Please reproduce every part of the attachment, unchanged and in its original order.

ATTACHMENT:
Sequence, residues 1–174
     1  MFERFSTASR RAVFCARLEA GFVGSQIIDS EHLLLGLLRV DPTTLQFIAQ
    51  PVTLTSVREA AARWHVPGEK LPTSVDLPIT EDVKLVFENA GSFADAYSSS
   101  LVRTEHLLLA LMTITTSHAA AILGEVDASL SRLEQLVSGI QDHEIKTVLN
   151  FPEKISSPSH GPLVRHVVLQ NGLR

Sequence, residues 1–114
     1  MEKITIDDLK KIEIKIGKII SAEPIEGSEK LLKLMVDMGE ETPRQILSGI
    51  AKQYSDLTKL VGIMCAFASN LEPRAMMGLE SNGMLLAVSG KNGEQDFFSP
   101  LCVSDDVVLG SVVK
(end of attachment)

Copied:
Sequence, residues 1–174
     1  MFERFSTASR RAVFCARLEA GFVGSQIIDS EHLLLGLLRV DPTTLQFIAQ
    51  PVTLTSVREA AARWHVPGEK LPTSVDLPIT EDVKLVFENA GSFADAYSSS
   101  LVRTEHLLLA LMTITTSHAA AILGEVDASL SRLEQLVSGI QDHEIKTVLN
   151  FPEKISSPSH GPLVRHVVLQ NGLR

Sequence, residues 1–114
     1  MEKITIDDLK KIEIKIGKII SAEPIEGSEK LLKLMVDMGE ETPRQILSGI
    51  AKQYSDLTKL VGIMCAFASN LEPRAMMGLE SNGMLLAVSG KNGEQDFFSP
   101  LCVSDDVVLG SVVK